It will remain Challenging to afford
According to David M. Dworkin and Bill McBride in a National Housing Conference report, home affordability has been at its worst since 1989.
Mortgages were offered at 1% teaser rates during the housing bubble, but reset to levels homeowners could not afford when rates went up. The interest rates on 30-year fixed-rate mortgages ranged from 9% to 18% in the 1980s, making homes unaffordable.
The researchers wrote that the market in today’s world is not easy. Since 2020, increased demand for housing coupled with supply chain failures has resulted in soaring housing costs.
There’s no sign that this will change by the year’s end.
It is taking builders longer to start new projects as they wait for the current supply of homes to sell.
According to Sam Khater, chief economist at Freddie Mac, homebuyer demand will continue to cool until the market returns to normal, but some people may still find it hard to purchase a home.
Khater said that the Federal Reserve’s actions to address inflation have resulted in significant volatility in mortgage rates and, in turn, in the housing market. As house prices continue to rise at a modest pace, affordability challenges remain, causing the housing market to slow down.
The US economy may enter a recession as mortgage rates dropped last week.
In the week ending July 28, Freddie Mac reported a 30-year fixed-rate mortgage averaging 5.30%, down from 5.54% a week earlier. However, that’s still a significant increase from last year when it was 2.80%.
In mid-June, rates peaked at 5.81%, a sharp rise since the beginning of the year. Concerns about inflation and a possible recession have led to more volatility.
Freddie Mac’s Chief Economist Sam Khater said that home purchase demand continues to decline as the price of homes climbs, rates rise, recession risks increase, and consumer confidence plummets.
Having made use of the opportunity to work remotely, as well as the pandemic, there is no doubt that demand has increased over the past two years. The market is experiencing deflation as it adjusts to a higher rate environment.”
Investors expected the Federal Reserve to hike rates by 75 basis points at its meeting on Wednesday. In the past month, there have been two hikes of that magnitude.
Borrowers’ mortgage interest rates are not directly set by the Federal Reserve. Instead of following 10-year Treasury bonds, mortgage rates tend to follow 10-year US Treasury bonds, which fell last week ahead of the central bank’s meeting. However, the Fed’s inflation-taming efforts indirectly affect them.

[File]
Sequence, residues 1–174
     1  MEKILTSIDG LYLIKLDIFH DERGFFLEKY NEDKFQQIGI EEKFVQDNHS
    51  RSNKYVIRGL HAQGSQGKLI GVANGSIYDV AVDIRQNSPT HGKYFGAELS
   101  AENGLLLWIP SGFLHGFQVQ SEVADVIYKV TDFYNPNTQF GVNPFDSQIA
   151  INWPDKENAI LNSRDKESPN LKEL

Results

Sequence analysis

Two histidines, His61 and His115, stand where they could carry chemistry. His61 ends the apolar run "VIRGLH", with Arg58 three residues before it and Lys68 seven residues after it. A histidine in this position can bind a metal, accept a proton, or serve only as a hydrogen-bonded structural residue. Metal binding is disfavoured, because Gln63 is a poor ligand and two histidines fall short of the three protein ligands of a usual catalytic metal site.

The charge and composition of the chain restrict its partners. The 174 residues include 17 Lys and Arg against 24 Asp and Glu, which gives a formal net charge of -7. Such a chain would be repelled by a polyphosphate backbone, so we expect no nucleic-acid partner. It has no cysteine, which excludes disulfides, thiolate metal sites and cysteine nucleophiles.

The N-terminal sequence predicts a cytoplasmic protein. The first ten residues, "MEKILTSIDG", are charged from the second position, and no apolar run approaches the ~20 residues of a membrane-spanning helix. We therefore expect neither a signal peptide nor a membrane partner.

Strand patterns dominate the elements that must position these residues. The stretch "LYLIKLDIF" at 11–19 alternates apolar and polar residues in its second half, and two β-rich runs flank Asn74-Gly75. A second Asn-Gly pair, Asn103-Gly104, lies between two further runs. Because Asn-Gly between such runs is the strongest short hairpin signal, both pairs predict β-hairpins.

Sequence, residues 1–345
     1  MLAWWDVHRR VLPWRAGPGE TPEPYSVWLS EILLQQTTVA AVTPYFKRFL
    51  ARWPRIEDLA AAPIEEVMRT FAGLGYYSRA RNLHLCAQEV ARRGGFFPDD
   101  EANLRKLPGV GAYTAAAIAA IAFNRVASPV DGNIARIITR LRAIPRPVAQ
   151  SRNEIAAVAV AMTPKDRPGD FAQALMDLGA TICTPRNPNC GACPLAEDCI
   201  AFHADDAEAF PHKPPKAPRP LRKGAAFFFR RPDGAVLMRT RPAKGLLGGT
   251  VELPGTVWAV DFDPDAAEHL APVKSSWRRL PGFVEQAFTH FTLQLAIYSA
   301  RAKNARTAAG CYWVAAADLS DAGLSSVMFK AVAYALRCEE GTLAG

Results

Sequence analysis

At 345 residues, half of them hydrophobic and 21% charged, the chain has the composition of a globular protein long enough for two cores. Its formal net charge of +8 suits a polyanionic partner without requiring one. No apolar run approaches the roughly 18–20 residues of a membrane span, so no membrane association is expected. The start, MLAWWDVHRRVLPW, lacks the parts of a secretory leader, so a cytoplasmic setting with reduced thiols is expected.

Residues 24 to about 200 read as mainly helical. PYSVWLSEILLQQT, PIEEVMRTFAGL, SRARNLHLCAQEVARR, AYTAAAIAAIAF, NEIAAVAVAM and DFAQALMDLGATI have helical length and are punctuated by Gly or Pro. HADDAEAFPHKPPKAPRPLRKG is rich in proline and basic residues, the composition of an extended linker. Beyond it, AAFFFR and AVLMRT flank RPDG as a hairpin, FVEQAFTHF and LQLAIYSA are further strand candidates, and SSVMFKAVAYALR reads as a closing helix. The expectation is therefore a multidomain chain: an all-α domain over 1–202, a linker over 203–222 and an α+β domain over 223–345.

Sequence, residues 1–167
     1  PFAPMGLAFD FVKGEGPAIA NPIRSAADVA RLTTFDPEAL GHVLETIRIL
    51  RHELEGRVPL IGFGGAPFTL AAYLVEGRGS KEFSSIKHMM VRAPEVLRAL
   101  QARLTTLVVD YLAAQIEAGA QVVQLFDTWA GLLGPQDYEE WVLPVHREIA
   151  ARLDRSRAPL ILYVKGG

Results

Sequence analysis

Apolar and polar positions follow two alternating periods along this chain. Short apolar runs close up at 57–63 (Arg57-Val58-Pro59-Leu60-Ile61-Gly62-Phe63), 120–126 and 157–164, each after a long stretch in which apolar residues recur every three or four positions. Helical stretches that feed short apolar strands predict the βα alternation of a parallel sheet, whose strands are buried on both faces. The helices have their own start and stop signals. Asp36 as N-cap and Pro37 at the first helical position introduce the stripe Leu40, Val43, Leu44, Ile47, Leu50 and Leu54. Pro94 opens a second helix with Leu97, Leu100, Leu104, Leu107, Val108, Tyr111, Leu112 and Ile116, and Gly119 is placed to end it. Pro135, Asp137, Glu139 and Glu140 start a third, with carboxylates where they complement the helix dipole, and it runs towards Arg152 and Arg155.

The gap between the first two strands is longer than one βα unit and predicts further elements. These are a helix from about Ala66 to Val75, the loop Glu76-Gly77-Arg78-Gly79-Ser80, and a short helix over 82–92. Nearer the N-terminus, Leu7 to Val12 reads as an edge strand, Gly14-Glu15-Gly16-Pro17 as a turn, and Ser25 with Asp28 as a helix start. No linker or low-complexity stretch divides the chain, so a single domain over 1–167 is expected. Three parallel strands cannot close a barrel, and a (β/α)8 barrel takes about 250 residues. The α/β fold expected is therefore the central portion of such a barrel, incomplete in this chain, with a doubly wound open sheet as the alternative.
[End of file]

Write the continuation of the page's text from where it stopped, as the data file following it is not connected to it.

Also, on Wednesday, the Federal Reserve hinted that future interest rate hikes might be moderated.
As George Ratiu, Realtor.com manager of economic research, the statement was welcomed by financial markets because it indicated that the Fed expects inflation to slow noticeably. Borrowing costs, including mortgage rates, are expected to rise due to these measures.”
Costs of borrowing grow
Ratiu predicted that credit card interest rates and new car loan interest rates will rise over the next few billing cycles as a result of the Fed’s increase.
The rates on adjustable-rate mortgages would increase for borrowers who have them or are planning to sign up for them shortly, he said.
Financing a home is becoming more expensive. Due to inflation and rising borrowing costs, buyers are finding homes even less affordable.
An average 30-year, fixed-rate mortgage at an average interest rate of 2.80% had an average monthly mortgage payment of $1,282 for buyers who put 20% down on a median-priced $390,000 home last year.
For a house priced the same today, the average monthly principal and interest payment for a homeowner is $1,733. Each month, that’s $451 more.
Buyers’ demand is waning.
Demand among buyers has slowed since the cost of buying a home has increased, and many sellers see their properties on the market for longer periods.
Those motivated to sell are turning to price reductions, Ratiu said. As the fall and winter seasons approach, we can expect the rebalancing of housing markets to continue.
Inflation will be tamed by reducing demand through the Federal Reserve’s actions.
The number of home sales is declining in June, though home prices continue to rise.
Mortgage bankers report that mortgage applications declined for the fourth consecutive week last week.
According to Joel Kan, MBA’s associate vice president of economic and industry forecasting, households are hesitant to enter the market due to economic uncertainty and affordability issues.
edited and proofread by nikita sharma